The news that the Royal Shakespeare Company is to stage another major production of The Merchant of Venice would have been met with world-weary sighs in some quarters.
Many Jewish theatre-goers regard the play as verging on antisemitism and feel that the constant revivals signal a callous disregard for Jewish discomfort - it is a view that has been expressed by playwright Sir Arnold Wesker in the past.
But with this latest outing, even those who hate the play will have reason to look forward to the reunion of director Rupert Goold and Sir Patrick Stewart who will play Shylock.
Goold is the director who proved with his productions of Enron and Romeo and Juliet that subjects as dry as big business and plays that have been exhausted by their popularity can result in truly exciting theatre.
With Merchant, the rumour is that Goold's production is going to push the boundaries again by moving the action from Venice to Vegas.
"I'm saying nothing," says Stewart when I ask him if there is any truth in the rumour. We meet at the RSC's London office, its walls decorated with pictures of the company's fine actors, though none of them is finer than the actor in the room who has just ordered a turkey sandwich for lunch. "We've been sworn to secrecy," he adds.
Stewart's performance as Shylock will be his final RSC role for a good while at least, marking the end of an extraordinary chapter in his career. For the last five years or so the former Star Trek and X-Men star turned his back on Hollywood in the hope of rejuvenating his theatre career. That hope was fulfilled. Stewart has played a variety of roles, usually to great acclaim. His Shylock follows his superbly icy Prospero, a stunningly Stalinist Macbeth, not to mention productions of Mamet, Ibsen, and Beckett's Waiting for Godot, which was rightly billed as the theatrical event of a lifetime, in which Stewart played Vladimir opposite Sir Ian McKellen's Estragon.
It all started for Stewart at his West Riding school and with the Jew, Shylock. "The first time I spoke Shakespeare's words was when my English teacher at my secondary modern school had my class read the trial scene in The Merchant of Venice," he says. "It was the first time I ever held a copy of Shakespeare in my hand and it was certainly the first time I ever had Shakespeare's words in my mouth. That's when it happened for me."
Stewart admits to immersing himself in his roles to the exclusion of everything else in his life, sometimes including relationships - there are two former wives. This time round, he has prepared for his latest encounter with Shylock - there have been two previous stage performances - by spending time with Rabbi Lionel Blue - who told him about the full impact the character would have felt from his daughter's betrayal - and by going to Israel.
"My first thought was to drive from Cairo to Jerusalem," says Stewart. "And then my son said: 'Don't you have to go through Gaza?', and I said: 'Oh, um…' and then I got a map and saw that there was this thing called the Sinai desert. So no, I didn't drive to Jerusalem. But what I did was to fly to Tel Aviv and spend four days largely in Jerusalem. A good friend of mine here has connections in Israel and he set some things up for me."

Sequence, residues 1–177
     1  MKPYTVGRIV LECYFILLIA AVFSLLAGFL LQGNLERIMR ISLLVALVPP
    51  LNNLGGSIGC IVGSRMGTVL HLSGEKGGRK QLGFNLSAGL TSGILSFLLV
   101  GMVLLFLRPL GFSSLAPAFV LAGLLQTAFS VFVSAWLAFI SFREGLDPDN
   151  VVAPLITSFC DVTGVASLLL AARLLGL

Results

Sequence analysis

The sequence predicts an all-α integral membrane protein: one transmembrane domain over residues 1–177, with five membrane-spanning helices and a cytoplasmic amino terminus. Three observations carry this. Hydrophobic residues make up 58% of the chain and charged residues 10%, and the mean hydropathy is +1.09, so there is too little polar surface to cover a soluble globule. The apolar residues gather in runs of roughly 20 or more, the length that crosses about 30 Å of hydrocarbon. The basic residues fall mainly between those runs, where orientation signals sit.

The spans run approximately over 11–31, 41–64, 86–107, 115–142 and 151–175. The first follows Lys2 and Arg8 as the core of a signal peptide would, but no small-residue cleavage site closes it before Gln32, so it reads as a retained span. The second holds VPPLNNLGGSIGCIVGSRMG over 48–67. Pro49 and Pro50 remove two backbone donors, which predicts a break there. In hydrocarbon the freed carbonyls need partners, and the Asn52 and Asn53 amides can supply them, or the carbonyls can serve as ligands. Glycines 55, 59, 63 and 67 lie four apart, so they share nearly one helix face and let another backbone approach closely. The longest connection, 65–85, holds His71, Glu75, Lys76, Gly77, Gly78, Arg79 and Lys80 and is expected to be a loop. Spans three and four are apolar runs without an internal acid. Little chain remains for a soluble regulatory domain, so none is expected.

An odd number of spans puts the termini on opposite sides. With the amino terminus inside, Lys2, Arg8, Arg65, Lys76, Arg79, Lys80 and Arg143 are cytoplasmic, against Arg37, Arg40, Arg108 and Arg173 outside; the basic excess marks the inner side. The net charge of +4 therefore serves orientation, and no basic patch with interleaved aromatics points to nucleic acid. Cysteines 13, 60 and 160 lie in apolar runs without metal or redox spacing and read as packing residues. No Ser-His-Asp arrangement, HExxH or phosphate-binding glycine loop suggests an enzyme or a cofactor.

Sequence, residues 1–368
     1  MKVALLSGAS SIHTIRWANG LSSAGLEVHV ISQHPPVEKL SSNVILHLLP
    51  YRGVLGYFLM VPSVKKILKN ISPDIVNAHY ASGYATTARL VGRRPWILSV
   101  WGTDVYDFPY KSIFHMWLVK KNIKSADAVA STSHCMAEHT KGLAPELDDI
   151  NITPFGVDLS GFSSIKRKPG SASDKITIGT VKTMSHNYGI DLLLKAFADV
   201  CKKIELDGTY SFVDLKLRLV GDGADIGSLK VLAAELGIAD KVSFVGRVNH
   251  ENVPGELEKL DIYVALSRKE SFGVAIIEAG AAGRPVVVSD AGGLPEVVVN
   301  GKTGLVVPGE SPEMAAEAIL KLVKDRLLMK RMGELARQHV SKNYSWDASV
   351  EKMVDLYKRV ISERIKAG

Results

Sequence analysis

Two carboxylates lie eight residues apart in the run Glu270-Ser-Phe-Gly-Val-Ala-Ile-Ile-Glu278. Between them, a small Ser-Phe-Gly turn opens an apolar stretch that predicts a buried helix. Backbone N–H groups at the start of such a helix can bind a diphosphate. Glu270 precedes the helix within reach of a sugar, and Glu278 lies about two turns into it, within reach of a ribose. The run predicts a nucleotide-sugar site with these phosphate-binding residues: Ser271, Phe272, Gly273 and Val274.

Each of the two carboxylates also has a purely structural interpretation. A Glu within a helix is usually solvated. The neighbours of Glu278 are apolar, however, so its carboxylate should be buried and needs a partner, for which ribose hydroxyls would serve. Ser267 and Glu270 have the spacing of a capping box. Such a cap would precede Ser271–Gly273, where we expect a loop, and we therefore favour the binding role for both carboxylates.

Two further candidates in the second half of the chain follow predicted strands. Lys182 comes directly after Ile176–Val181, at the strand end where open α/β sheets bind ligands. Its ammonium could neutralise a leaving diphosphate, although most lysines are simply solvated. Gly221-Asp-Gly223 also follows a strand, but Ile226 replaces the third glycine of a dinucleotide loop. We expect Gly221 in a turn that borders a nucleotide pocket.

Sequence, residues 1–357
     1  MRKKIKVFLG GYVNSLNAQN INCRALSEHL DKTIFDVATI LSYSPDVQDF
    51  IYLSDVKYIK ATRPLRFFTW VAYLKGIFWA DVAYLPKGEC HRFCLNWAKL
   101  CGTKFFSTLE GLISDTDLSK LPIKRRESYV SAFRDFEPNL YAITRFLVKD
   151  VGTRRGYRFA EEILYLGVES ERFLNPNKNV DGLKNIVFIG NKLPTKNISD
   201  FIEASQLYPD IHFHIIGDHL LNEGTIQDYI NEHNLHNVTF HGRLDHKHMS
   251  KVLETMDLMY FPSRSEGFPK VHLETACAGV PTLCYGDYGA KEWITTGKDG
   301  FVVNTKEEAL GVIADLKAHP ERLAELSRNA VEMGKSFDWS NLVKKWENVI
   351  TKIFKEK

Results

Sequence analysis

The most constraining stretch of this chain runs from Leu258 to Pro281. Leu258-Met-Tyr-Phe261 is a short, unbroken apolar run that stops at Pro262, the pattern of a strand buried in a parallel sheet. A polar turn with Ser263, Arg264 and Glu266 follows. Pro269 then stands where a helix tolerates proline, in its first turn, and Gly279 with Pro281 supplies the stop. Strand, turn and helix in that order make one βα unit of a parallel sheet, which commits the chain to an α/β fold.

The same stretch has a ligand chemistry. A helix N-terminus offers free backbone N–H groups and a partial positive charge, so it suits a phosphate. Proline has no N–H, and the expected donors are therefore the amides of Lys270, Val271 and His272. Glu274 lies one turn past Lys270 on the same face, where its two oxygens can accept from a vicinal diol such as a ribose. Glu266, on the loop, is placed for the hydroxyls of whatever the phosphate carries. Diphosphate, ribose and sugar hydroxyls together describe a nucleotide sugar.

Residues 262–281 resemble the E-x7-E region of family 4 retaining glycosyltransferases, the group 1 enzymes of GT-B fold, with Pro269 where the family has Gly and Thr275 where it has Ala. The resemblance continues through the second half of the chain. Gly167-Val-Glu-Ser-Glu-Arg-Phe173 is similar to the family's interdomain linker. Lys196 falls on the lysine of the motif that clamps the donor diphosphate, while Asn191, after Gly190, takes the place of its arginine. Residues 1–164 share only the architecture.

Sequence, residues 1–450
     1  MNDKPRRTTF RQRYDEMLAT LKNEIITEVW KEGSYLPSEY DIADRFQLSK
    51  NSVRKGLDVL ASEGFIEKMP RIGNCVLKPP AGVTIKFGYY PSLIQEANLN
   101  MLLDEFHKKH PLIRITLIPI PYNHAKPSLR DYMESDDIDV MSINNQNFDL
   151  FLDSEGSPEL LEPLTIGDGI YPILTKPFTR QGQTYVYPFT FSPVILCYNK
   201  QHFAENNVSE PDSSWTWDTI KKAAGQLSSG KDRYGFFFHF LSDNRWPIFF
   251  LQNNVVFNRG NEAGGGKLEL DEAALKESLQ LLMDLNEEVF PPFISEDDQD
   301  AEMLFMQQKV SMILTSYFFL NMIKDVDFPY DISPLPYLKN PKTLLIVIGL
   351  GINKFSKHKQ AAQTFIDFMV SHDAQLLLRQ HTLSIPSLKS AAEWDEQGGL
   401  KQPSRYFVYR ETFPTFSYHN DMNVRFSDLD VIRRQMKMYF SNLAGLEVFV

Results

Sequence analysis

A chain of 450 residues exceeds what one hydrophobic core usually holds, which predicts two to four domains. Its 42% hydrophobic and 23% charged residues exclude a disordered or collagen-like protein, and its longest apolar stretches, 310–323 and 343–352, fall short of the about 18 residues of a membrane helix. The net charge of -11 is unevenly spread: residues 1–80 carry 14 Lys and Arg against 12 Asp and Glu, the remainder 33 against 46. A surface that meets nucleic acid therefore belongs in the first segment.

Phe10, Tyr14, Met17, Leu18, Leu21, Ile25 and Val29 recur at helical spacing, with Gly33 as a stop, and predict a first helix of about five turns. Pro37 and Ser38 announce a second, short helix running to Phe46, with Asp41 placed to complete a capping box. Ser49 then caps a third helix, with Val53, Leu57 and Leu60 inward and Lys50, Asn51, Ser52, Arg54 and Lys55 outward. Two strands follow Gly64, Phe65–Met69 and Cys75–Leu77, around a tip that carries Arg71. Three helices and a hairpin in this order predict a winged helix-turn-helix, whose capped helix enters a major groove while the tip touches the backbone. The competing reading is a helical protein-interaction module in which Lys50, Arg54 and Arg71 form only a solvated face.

One thing Stewart would have been ready for in Israel was any conversations about Merchant's reputation for antisemitism. "It is not antisemitic," he insists when I put the question. "In fact, it is an indictment of Christianity."
He paraphrases one of Shylock's speeches. "You do all these things. You're my teachers. I learn from you…" and then, as the role takes over the man, Stewart's voice deepens, the eyes narrow and suddenly, despite the jeans and casual shirt, it is Shylock himself sitting opposite. "If you wrong us, shall we not revenge? If we are like you in the rest, we will resemble you in that…
"So you see, it's an absolute indictment of Christianity. For me, Shylock's hate and loathing comes from decades of personal abuse, historical abuse and mockery, to the extent that it induces a recklessness. He knows that if he puts that knife into Antonio's body, he's never going to get out of the room."
The play, maintains Stewart, is a justification of violence, a view he came to while playing the role in director John Barton's 1979 RSC production. And with each of Stewart's Shylocks his view of the role has also developed. "I think to begin with, what I did in 1964 at the Bristol Old Vic was a very unthinking Shylock - it was a very traditional, conventional, rather sentimental version of the play.
"Then in 1979 I remember John Barton saying to me before rehearsals: 'The important thing about Shylock is that he is a bad Jew and he is a bad man. He is a bad individual'. And so I very much explored that side of it. I was brutal to Jessica. I was angry and violent, and messed up. But now I hope - well, I know - that I have found more ambiguity in the role, more diversity, more contradictions, more elements that make Shylock a human being."
For many, one of the tests of this Merchant will be how it compares to Trevor Nunn's 1999 landmark production starring Henry Goodman. That production showed that it was possible to put on the play without causing great offence. Stewart gives a clue to the approach that may make this Shylock more sympathetic figure than the Shylocks of his past.
"I have this dream that at every performance there will be one person who has never seen The Merchant of Venice and doesn't know the story, and that after Shylock's first scene they're going to say: 'I hope he comes back soon. He's good fun'. I hope a lot of the time he is likable."